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Math Help - maximum and minimum

  1. #1
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    maximum and minimum

    given g(x,y)=ax + by^2


    a>0,b>0,x+y=1, 0<=x>=1, 0<=y>=1

    a=1 and b=5/6

    What is the smallest value y can have? can anyone show how to solve?
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  2. #2
    Grand Panjandrum
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    Quote Originally Posted by EricTu View Post
    given g(x,y)=ax + by^2


    a>0,b>0,x+y=1, 0<=x>=1, 0<=y>=1

    a=1 and b=5/6

    What is the smallest value y can have? can anyone show how to solve?
    TYpe this again exactly as question was asked please.

    CB
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  3. #3
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    I assume you are asking for the minimum value ax+ by^2 on a regions bounded by some lines buy 0<= x>= 1 and 0<=y>=1 make no sense. If x>= 0 then x must be " >= 0. Did you mean " 0<= x< = 1 and 0<= y<= 1?

    If so then the minimum value must occur:
    1) in the interior of the set where the gradient is 0 (or undefined) or
    2) on the boundary of the set.

    \nabla ax+ by^2= a\vec{i}+ 2by\vec{j} which is never 0 because of the " a\vec{i}" term. On the line x= 0, the y axis, the function is by^2 which has its minimum at y= 0. On the line y= 0, the x-axis, the function is ax which has its minimum at x= 0. On the line x+ y= 1, x= 1- y so the function is a- ay+ by^2. The derivative of that is -a+ 2by and is 0 at y=\frac{a}{2b}. Then x= 1- \frac{a}{2b}= \frac{2b- a}{2b}.

    Of course, we also need to consider the vertices (1, 0) and (0, 1). That is, the minimum value must occur at one of (0, 0), (1, 0), (0, 1), or \left(\frac{2b-a}{2b}, \frac{a}{2b}\right). Evaluate ax+ by^2 at each of those points to decide where it is smallest.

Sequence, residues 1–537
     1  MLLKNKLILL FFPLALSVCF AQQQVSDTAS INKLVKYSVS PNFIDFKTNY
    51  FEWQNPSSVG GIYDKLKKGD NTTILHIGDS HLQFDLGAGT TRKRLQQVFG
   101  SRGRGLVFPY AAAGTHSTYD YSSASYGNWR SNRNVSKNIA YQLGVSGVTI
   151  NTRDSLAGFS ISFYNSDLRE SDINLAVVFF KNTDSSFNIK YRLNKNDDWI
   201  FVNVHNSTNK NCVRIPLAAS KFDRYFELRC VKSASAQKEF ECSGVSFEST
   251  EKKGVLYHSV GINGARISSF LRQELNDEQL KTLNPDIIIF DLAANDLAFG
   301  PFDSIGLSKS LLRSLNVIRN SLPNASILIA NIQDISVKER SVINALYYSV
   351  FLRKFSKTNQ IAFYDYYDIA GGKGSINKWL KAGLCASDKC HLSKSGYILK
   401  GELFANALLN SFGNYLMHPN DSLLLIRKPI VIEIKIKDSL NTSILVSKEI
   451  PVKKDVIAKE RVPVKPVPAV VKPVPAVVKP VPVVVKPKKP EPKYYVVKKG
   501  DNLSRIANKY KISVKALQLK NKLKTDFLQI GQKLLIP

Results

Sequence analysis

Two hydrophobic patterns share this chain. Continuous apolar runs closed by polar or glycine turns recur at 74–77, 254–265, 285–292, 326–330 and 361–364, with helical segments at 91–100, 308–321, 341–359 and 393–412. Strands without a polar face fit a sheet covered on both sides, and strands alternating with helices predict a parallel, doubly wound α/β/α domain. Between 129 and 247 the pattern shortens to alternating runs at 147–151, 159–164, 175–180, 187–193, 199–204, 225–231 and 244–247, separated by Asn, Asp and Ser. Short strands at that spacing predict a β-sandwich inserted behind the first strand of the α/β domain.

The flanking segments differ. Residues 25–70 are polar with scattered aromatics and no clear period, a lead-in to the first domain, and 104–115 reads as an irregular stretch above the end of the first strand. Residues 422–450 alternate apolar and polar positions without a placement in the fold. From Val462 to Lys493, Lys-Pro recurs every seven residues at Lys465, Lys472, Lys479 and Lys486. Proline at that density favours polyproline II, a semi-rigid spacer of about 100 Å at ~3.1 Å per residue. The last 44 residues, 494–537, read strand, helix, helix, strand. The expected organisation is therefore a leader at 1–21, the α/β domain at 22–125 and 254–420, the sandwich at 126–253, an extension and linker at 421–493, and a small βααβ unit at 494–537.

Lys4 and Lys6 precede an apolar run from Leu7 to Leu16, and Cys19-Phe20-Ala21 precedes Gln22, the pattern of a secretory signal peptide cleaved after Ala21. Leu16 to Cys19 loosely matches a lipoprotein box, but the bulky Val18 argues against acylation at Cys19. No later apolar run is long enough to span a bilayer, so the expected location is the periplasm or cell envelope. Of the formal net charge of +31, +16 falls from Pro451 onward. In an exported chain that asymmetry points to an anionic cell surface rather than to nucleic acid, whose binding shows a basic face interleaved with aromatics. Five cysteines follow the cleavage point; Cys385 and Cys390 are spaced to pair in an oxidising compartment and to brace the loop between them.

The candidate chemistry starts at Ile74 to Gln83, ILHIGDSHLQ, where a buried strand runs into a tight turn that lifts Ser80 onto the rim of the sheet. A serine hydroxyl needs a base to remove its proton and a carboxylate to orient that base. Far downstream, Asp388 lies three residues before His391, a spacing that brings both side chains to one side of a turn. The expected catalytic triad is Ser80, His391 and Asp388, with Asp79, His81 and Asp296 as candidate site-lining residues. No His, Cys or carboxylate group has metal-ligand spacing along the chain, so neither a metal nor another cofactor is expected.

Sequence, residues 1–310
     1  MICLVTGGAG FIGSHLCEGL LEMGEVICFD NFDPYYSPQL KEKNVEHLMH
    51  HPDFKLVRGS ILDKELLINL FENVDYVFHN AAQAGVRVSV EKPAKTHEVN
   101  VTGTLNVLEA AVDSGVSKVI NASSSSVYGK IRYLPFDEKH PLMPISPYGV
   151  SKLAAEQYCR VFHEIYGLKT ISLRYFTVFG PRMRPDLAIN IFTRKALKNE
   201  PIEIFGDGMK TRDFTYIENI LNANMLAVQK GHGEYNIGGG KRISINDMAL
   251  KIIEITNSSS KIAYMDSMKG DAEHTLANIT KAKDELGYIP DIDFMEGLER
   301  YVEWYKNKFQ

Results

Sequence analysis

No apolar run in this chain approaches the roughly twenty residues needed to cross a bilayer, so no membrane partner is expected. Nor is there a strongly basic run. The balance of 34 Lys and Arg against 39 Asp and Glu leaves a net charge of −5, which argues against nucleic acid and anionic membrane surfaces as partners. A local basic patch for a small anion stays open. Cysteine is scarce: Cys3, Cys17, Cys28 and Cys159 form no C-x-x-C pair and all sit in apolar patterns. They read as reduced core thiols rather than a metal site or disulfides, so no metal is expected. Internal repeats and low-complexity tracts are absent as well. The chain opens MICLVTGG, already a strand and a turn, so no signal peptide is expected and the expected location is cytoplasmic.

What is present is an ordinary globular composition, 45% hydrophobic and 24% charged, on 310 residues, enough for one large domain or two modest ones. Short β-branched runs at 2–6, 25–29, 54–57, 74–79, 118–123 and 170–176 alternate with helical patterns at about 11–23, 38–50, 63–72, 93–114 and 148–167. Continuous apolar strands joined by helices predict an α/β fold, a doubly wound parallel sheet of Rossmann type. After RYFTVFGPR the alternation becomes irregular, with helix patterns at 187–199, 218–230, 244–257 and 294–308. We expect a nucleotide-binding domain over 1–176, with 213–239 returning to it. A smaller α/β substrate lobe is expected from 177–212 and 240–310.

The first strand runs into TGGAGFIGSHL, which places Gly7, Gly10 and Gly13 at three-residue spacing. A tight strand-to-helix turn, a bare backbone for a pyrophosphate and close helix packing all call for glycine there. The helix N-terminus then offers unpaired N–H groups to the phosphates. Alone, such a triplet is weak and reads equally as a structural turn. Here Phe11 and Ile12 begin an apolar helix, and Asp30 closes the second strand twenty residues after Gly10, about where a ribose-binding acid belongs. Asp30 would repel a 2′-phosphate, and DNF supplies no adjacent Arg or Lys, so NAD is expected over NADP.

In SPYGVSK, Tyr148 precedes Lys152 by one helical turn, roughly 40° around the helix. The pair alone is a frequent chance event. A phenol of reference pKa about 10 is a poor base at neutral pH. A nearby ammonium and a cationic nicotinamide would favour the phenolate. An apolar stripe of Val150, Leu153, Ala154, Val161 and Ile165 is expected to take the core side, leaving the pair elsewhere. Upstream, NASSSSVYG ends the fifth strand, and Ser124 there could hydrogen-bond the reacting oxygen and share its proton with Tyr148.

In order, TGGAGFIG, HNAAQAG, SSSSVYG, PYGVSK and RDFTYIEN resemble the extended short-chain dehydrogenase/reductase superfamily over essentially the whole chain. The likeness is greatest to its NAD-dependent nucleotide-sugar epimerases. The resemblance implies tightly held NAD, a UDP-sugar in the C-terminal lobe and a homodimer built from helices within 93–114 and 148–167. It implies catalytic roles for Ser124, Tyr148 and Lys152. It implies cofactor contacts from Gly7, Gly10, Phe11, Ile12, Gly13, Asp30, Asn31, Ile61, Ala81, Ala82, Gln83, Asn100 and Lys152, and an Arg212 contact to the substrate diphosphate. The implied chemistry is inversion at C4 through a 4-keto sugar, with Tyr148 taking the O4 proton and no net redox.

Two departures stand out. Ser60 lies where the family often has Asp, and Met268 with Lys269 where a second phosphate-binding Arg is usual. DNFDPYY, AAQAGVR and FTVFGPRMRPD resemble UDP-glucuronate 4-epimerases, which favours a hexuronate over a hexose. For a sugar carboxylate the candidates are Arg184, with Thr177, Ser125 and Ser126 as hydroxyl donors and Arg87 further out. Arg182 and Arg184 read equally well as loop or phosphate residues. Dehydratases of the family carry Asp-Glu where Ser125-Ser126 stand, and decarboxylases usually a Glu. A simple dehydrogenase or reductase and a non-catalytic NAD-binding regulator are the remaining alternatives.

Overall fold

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  4. #4
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    Quote Originally Posted by HallsofIvy View Post
    I assume you are asking for the minimum value ax+ by^2 on a regions bounded by some lines buy 0<= x>= 1 and 0<=y>=1 make no sense. If x>= 0 then x must be " >= 0. Did you mean " 0<= x< = 1 and 0<= y<= 1?

    If so then the minimum value must occur:
    1) in the interior of the set where the gradient is 0 (or undefined) or
    2) on the boundary of the set.

    \nabla ax+ by^2= a\vec{i}+ 2by\vec{j} which is never 0 because of the " a\vec{i}" term. On the line x= 0, the y axis, the function is by^2 which has its minimum at y= 0. On the line y= 0, the x-axis, the function is ax which has its minimum at x= 0. On the line x+ y= 1, x= 1- y so the function is a- ay+ by^2. The derivative of that is -a+ 2by and is 0 at y=\frac{a}{2b}. Then x= 1- \frac{a}{2b}= \frac{2b- a}{2b}.

    Of course, we also need to consider the vertices (1, 0) and (0, 1). That is, the minimum value must occur at one of (0, 0), (1, 0), (0, 1), or \left(\frac{2b-a}{2b}, \frac{a}{2b}\right). Evaluate ax+ by^2 at each of those points to decide where it is smallest.
    Yes, sorry - it was a typo. The way you write it is correct.
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  5. #5
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    The question is: Assume that a=1 and b=5/6. What is the minimum value y can have in given boundaries (0<=y<=1)?
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